Jesse Krantzler

09/20/2011

Attending Engineers in Residence at the University of Illinois

Jesse Krantzler // in Technology

Later this week, a few Vodorians, most of whom double as University of Illinois Alumni, will be heading back to the place that taught them (almost) everything they know. Vodori will be participating in Illinois' Engineers in Residence program on Sep 22nd and 23rd. The program is set up to allow established businesses and alumni to come back and talk to current students about their academic careers, and to answer any questions they may have about the transition from college life to the "real world" that is professional web development. 

Engineer in Residence at the University of Illinois

On Thursday, our team will give a talk and be available to answer questions, and on Friday, we will be hosting an office hours session from 10am to 3pm where any and all students will be able to interact with current Vodorians on a one-on-one basis. It should be a great time in Champaign, not only for the opportunity to visit Dos Reales again, but also for the chance to meet and interact with future Vodorians. We will be tweeting the event and answering questions with the hashtag #EIR2011, so make sure to follow us on Twitter (@Vodori) for the latest updates.

 

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Jesse Krantzler

04/15/2011

MVC - Not Just Marvel vs Capcom

Jesse Krantzler // in Technology

One of the most important architecture patterns that we use here at Vodori is MVC, which stands for Model-View-Controller. In our case, we use Java to create this MVC architecture, and use the Spring framework specifically to enhance the process. The Model is the object or objects that hold the data for the application, the View controls the way the application will be seen and interacted with, in our case a JSP layer. Finally, the Controller handles interactions between the model and the view, including user input or business logic. The Controller layer contains the core of any business application’s logic and complexity.

Spring Controllers

The Spring framework makes implementing an MVC based application really easy. Using the @Controller annotation, we can designate a java class to be recognized by Spring as a controller, and using the @RequestMapping annotation, we can specify which requests the controller is supposed to intercept. Request mapping at Vodori is usually dependent on GET’s and POST’s, but there is also support for HEAD, PUT and TRACE, among others. Most requests are GET’s where the browser is simply trying to access a specified URL. In some situations, such as if a form is being submitted, the browser does a POST in order to send data to the controller along with the request. Adding the annotation:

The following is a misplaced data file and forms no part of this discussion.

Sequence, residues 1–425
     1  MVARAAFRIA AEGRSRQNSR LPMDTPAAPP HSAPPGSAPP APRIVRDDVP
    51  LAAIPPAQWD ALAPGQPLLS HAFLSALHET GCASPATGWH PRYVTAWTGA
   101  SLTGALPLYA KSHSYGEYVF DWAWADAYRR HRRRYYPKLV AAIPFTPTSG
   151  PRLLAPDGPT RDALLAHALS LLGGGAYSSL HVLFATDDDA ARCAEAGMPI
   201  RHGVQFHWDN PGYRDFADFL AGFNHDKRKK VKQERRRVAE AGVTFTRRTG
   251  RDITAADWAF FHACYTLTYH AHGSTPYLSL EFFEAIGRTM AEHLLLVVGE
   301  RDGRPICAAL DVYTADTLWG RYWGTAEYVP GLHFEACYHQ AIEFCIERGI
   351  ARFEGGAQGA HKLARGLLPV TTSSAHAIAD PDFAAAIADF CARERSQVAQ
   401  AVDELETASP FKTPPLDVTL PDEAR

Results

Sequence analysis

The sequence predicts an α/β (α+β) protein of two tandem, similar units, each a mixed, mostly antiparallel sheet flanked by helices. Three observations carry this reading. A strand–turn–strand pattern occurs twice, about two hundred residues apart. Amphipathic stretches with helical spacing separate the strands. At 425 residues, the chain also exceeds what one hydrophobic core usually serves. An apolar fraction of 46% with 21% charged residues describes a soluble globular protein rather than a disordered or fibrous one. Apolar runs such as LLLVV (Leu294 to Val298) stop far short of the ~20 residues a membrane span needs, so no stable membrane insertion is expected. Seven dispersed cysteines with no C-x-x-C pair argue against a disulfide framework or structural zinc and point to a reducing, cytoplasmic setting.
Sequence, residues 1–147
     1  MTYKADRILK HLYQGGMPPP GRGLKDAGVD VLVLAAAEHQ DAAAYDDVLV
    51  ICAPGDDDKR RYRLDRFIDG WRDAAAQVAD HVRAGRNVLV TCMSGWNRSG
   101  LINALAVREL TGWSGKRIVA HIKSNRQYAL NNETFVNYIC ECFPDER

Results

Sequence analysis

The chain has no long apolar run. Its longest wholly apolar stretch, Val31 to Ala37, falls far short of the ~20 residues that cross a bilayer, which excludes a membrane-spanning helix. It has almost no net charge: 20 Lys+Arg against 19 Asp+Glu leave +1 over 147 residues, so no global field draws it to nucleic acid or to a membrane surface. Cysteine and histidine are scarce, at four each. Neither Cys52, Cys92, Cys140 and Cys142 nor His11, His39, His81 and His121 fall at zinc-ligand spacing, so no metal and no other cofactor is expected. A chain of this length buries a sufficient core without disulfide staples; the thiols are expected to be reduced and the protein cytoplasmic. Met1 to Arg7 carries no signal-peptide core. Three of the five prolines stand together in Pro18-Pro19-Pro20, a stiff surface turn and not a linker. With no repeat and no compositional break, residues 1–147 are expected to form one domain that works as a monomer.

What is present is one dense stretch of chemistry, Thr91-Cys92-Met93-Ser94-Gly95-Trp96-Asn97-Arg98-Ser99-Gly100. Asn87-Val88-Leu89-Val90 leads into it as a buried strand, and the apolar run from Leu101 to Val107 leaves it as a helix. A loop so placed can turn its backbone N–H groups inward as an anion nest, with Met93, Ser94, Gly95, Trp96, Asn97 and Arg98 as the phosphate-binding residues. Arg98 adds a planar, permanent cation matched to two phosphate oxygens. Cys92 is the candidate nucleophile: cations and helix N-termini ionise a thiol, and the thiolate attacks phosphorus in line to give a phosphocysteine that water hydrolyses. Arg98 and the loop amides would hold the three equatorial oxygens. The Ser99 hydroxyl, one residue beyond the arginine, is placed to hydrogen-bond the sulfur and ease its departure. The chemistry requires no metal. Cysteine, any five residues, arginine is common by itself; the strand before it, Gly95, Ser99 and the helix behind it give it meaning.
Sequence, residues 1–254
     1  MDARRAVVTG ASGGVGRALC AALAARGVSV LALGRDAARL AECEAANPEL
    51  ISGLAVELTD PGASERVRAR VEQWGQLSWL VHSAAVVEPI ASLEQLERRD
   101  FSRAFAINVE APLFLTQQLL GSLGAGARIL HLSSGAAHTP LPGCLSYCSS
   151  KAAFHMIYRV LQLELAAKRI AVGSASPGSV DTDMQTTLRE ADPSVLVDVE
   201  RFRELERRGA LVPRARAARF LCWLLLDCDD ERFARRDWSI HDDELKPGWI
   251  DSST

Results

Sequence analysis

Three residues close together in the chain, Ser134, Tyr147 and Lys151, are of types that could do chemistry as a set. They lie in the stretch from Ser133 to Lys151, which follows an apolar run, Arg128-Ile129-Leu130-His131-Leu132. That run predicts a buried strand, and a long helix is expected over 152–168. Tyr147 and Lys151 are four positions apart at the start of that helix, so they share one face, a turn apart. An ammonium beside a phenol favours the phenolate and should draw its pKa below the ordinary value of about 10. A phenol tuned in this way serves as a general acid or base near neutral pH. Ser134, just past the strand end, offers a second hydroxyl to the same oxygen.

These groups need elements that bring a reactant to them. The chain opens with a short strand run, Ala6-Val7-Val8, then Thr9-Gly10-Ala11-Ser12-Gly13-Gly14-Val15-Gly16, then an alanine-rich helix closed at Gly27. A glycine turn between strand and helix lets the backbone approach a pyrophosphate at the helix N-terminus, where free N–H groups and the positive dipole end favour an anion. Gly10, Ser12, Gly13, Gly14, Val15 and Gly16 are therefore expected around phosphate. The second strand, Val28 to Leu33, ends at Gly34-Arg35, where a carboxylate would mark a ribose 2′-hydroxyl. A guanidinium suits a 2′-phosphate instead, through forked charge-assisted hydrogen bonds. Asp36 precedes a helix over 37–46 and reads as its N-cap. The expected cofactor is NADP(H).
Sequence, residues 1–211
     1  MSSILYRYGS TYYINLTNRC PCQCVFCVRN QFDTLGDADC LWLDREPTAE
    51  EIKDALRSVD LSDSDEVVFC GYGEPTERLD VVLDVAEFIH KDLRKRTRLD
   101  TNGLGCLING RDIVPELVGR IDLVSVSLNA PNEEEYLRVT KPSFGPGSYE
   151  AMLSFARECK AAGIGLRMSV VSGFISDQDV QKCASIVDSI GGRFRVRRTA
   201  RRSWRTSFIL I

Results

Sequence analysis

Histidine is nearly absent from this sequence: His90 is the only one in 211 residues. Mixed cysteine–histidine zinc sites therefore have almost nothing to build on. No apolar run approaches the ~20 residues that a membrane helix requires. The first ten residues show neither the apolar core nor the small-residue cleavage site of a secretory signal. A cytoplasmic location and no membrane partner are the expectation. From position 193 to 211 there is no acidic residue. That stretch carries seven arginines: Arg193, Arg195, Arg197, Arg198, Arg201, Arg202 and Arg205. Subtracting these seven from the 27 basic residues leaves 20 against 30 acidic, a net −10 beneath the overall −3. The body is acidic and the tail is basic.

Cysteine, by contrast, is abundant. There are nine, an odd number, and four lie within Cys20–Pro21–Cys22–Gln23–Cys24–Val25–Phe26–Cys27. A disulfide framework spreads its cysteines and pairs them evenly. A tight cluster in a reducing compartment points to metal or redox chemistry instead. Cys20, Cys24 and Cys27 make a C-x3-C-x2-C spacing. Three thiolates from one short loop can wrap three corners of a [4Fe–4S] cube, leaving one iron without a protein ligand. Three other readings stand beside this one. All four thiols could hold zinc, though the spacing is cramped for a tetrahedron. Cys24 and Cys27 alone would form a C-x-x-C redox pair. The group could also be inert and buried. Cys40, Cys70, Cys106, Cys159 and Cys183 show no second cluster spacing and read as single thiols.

@RequestMapping(value = "/testForm.htm", method = {RequestMethod.POST})

to a method in the controller provides a good example of a request mapping annotation that handles a form submission(we can tell by the “RequestMethod.POST”). It can validate the form, add attributes to the model, make functions calls, and determine the view to return.

By using the @ModelAttribute and the @RequestParam annotation, we can specify what specific data we want to explicitly pass into the controller for processing. For example,

public String registrationStep(HttpServletRequest request,
                               ModelMap model,
                               @RequestParam(value = "step", required = false)
                               String step,
                               @ModelAttribute("userProfileForm") UserProfileForm userProfileForm,
                               BindingResult result)
{
     //controller code
}

 

The @RequestParam allows us to send in a simple value that will be converted to the declared method argument type (String in this case) and assigned to a variable. The @ModelAttribute tag allows us to pass in a more complex object, which may consist of multiple request parameters. The model attribute can be specified with a variable name (“userProfileForm”) if there are multiple attributes, so that the method knows which instance to pull in. If the variable needs to be persisted throughout the session, the same variable will also need to be added as a session variable next to the @Controller annotation at the top of the controller class, e.g., @SessionAttributes({ "userProfileForm", "contactUsForm" }).

Controller/Service Layer Division

The next important thing to consider is the separation of controllers and services. Controllers are meant to handle specific user requests through their entire lifecycle from parsing the request through determining which view to return. We can separate out the common application functionality into services, which modify the model, write to databases, send emails, etc. This separation is not technically necessary, but it allows us to create code that can be reused or easily extended without much work. If we had to switch persistence frameworks and moved from Hibernate to OpenJPA using only the controller level, we would have to rewrite every controller and possibly add much more code, or duplicate code that we have already written. On the other hand, if we had all of our logic in the service layer, all we would need to do is update the logic there by modifying the method which interacts with the framework, meaning we can switch between frameworks with minimal, if any, changes to the controller.

By using a common application architecture such as MVC, we can be sure that if a new programmer or one of us Vodorians need to make an update in the future, we will be able to easily determine where to look for certain parts of code, without having to know anything about the code specifically.

 

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